Object storage provides the ability to store, well, objects — which are essentially collections of digital bits. Those bits may represent a digital photo, an MRI scan, a structured document such as an XML file — or the video of your cousin's embarrassing attempt to ride a skateboard down the steps at the public library (the one you premiered at his wedding).
Object storage offers the reliable (and highly scalable) storage of collections of bits, but imposes no structure on the bits.
The structure is chosen by the user, who needs to know, for example, whether an object is a photo (which can be edited), or an MRI scan (which requires a special application for viewing it). The user has to know both the format as well as the manipulation methods of the object. The object storage service simply provides reliable storage of the bits.
Difference between Object storage and File storage
Object storage differs from file storage, which you may be more familiar with from using a PC. File storage offers update functionality, and object storage does not. For example, suppose you are storing logging output from a program.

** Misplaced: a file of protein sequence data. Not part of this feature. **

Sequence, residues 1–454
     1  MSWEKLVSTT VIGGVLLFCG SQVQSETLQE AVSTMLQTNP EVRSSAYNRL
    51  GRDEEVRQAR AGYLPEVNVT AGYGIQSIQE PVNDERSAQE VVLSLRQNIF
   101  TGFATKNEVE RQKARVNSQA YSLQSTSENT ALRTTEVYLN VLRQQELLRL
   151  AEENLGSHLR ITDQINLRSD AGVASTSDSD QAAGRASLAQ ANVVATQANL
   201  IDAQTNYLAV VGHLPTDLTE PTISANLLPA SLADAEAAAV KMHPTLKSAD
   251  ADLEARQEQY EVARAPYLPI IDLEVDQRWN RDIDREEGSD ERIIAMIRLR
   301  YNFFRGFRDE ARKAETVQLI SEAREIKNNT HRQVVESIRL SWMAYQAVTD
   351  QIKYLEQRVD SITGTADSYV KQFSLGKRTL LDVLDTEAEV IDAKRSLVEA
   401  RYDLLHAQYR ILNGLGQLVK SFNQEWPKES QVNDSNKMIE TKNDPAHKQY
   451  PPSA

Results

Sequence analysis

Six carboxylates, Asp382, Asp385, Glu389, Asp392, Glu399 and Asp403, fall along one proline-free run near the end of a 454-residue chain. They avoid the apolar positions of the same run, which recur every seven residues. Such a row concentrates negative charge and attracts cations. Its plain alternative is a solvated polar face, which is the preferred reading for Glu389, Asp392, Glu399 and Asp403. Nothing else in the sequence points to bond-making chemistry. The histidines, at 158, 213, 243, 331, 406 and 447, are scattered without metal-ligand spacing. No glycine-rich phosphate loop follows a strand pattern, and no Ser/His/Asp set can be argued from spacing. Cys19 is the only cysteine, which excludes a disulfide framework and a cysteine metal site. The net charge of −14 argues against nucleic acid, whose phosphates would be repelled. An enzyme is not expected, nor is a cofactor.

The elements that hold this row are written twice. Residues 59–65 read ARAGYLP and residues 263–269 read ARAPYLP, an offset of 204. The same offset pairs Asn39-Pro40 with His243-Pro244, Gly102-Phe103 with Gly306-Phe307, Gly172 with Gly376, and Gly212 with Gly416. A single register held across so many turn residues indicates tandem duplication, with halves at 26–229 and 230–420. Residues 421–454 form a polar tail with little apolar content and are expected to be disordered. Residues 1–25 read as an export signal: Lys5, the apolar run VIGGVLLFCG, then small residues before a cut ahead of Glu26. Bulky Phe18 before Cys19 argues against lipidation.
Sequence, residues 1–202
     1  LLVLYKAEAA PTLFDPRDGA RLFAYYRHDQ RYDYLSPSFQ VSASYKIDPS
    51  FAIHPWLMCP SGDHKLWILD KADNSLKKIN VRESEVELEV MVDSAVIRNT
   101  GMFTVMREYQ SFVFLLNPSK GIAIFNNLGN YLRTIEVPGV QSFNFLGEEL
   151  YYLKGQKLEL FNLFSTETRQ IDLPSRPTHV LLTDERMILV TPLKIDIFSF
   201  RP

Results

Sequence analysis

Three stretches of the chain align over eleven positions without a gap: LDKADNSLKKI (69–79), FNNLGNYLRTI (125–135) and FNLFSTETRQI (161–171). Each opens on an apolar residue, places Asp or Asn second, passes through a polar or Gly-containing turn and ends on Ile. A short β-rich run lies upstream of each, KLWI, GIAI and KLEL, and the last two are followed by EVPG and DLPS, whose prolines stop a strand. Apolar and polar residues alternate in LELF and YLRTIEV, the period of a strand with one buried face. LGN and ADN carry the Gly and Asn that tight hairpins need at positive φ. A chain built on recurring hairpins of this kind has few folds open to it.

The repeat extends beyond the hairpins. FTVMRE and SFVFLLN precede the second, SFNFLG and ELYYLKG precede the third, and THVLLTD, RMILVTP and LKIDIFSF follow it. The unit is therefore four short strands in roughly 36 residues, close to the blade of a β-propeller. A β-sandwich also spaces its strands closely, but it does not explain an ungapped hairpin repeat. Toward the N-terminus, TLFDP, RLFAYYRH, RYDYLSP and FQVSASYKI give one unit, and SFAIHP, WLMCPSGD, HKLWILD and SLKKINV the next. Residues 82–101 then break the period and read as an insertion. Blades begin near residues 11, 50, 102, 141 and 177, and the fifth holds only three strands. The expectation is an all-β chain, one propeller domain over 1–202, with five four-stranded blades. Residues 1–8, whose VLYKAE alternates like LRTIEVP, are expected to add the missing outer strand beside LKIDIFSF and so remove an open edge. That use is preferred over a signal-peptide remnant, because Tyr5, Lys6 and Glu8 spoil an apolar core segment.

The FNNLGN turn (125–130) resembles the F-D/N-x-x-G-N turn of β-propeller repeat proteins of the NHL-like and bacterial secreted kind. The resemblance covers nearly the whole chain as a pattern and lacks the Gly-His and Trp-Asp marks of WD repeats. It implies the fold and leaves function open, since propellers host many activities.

The program constantly adds new logging entries as events occur; creating a new object each time an additional log record is created would be incredibly inconvenient. By contrast, using file storage allows you to continuously update the file by appending new information to it — in other words, you update the file as the program creates new log records.
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Object storage offers no such update ability. You can insert or retrieve an object, but you can't change it. Instead, you update the object in the local application and then insert the object into the object store. To let the new version retain the same name as the old version, delete the original object before inserting the new object with the same name. The difference may seem minor, but it requires different approaches to managing stored objects.